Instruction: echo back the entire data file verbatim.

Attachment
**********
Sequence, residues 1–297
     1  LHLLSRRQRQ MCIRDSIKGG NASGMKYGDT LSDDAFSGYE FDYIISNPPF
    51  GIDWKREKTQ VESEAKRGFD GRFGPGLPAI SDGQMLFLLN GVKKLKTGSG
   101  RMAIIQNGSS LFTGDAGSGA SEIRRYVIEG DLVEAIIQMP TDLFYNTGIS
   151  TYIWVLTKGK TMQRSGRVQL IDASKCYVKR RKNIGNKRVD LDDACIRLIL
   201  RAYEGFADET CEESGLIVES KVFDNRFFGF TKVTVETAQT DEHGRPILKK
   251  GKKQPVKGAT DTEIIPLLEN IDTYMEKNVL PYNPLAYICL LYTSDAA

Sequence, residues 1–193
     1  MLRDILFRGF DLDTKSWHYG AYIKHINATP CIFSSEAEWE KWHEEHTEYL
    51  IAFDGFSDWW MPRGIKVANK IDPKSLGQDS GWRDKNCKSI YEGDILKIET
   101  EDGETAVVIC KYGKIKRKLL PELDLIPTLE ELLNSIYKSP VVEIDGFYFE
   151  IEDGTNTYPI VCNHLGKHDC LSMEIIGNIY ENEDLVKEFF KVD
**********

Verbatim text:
Sequence, residues 1–297
     1  LHLLSRRQRQ MCIRDSIKGG NASGMKYGDT LSDDAFSGYE FDYIISNPPF
    51  GIDWKREKTQ VESEAKRGFD GRFGPGLPAI SDGQMLFLLN GVKKLKTGSG
   101  RMAIIQNGSS LFTGDAGSGA SEIRRYVIEG DLVEAIIQMP TDLFYNTGIS
   151  TYIWVLTKGK TMQRSGRVQL IDASKCYVKR RKNIGNKRVD LDDACIRLIL
   201  RAYEGFADET CEESGLIVES KVFDNRFFGF TKVTVETAQT DEHGRPILKK
   251  GKKQPVKGAT DTEIIPLLEN IDTYMEKNVL PYNPLAYICL LYTSDAA

Sequence, residues 1–193
     1  MLRDILFRGF DLDTKSWHYG AYIKHINATP CIFSSEAEWE KWHEEHTEYL
    51  IAFDGFSDWW MPRGIKVANK IDPKSLGQDS GWRDKNCKSI YEGDILKIET
   101  EDGETAVVIC KYGKIKRKLL PELDLIPTLE ELLNSIYKSP VVEIDGFYFE
   151  IEDGTNTYPI VCNHLGKHDC LSMEIIGNIY ENEDLVKEFF KVD